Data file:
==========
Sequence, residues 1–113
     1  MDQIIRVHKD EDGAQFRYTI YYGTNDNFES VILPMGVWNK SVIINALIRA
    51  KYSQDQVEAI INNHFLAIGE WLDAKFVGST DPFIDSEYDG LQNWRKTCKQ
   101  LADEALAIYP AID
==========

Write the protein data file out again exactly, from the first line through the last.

Sequence, residues 1–113
     1  MDQIIRVHKD EDGAQFRYTI YYGTNDNFES VILPMGVWNK SVIINALIRA
    51  KYSQDQVEAI INNHFLAIGE WLDAKFVGST DPFIDSEYDG LQNWRKTCKQ
   101  LADEALAIYP AID